5. The Fish Bone Dilemma
Got a fish bone stuck in your throat? Cebuanos believe that using a cat’s paw to gently scratch the outside of your throat will remove the lodged fish bone.
6. Always serve pancit (noodles) on birthdays.
Pancit is a traditional food served on almost every occasion.
Many Cebuanos eat and serve noodles, or “pancit,” on special occasions like birthdays, weddings, christenings, and many more. According to them, pancit symbolizes long life. Plus, the longer the noodles, the greater the yearning for life.
7. Say “tabi-tabi po” whenever you’re outside.
Some Cebuanos will say “tabi-tabi po” whenever they enter an unfamiliar place in case evil entities are around the area. It’s basically like saying “excuse me” as a sign of respect so you don’t get cursed.
This is especially important if you’re in the countryside where there are many trees around. You might also see a lot of anthills, also known as “nuno sa punso,” wherein you will need to be cautious.
Cebuanos believe that if you step on these anthills, the dwarves and other elemental spirits living in them will become enraged. You’re more likely to experience bad luck and poor health if you do this.
8. Say “simbako” when talking about bad things.
“Simbako” is a local variation of knocking on wood. Many of the locals believe that saying “simbako” can prevent any untoward incident from happening.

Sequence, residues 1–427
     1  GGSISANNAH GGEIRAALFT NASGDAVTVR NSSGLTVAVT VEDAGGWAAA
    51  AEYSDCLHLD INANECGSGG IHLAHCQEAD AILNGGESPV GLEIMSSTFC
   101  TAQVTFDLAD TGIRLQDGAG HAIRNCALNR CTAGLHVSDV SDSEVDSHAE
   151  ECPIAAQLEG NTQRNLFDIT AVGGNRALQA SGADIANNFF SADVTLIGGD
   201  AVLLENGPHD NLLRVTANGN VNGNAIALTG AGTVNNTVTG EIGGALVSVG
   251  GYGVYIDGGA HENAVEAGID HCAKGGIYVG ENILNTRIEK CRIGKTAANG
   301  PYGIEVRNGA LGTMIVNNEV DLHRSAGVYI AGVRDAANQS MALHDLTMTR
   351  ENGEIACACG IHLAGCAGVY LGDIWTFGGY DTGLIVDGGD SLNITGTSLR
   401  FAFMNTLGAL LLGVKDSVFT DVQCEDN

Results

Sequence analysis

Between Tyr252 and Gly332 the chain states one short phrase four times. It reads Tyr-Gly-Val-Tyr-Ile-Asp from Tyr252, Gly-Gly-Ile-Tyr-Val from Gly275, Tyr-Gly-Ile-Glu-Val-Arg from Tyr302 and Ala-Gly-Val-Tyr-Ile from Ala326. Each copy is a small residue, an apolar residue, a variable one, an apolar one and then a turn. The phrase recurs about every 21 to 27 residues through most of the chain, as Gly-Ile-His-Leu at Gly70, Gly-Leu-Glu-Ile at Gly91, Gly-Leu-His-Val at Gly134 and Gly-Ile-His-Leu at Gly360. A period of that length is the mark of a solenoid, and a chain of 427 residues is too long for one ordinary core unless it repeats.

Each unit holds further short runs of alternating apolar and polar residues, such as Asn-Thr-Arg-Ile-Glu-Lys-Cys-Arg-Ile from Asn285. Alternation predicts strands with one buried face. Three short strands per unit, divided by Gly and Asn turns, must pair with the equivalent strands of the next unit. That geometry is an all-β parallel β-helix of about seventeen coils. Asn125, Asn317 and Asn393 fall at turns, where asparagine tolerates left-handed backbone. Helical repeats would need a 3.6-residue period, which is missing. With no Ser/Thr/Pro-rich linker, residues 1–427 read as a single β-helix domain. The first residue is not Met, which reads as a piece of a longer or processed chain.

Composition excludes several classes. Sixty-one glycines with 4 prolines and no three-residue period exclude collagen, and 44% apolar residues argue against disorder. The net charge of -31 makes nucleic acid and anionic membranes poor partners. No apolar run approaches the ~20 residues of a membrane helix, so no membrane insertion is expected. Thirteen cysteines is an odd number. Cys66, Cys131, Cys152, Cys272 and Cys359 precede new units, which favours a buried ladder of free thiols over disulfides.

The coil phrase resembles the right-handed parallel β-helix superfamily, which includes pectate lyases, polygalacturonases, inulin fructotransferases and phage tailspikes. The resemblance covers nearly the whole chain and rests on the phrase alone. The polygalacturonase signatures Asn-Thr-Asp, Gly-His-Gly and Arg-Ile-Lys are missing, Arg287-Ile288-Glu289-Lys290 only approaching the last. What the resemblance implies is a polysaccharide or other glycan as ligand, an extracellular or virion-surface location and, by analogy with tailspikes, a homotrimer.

If you want to do this, simply tap on a piece of wood while uttering the word “simbako.” If you can’t find any wood, you may knock on a wall or your head instead.
Truth be told, many Cebuanos believe in many things, even if there is no logical reason for their superstitious beliefs. If the practice is rather odd or hilarious, Cebuanos will simply say, “Walay mawala nato kung mutu-o ta.” (We’ll lose nothing if we believe in it.)
Superstition as a Product of History
Before the Spaniards colonized the Philippines and started spreading Catholicism, many of the island’s inhabitants were Pagans or Muslims.
These ancestors believed in a supreme being called Bathala. They believed in anitos, or spirits, that live in forests and mountains (a belief that many Cebuanos still hold).
Apart from the Spaniards, the Chinese have had the most significant influence on Cebuano culture.
Cebuanos have adopted and practiced some traditional beliefs like the wearing of clothes with polka dots, preparing round fruits for New Year’s Eve, serving noodles on every occasion as a symbol of long life, and so on.
So Why Are Cebuanos Superstitious?
All kinds of traditions and beliefs have been passed down from generation to generation. Some Cebuanos may not be even aware that they’re behaving a certain way because of a superstitious belief that was taught to them when they were young.
Even so, superstition has become a part of Cebuano culture, shaping the way decisions are made, how people treat each other, and so on. Whether or not they believe in superstitions, they tend to observe the practice anyway.
That being said, you might be wondering if you’re required to practice these beliefs when you’re in Cebu. The answer is no. But it would greatly help to have an idea about them so as to avoid offending Cebuanos and their culture.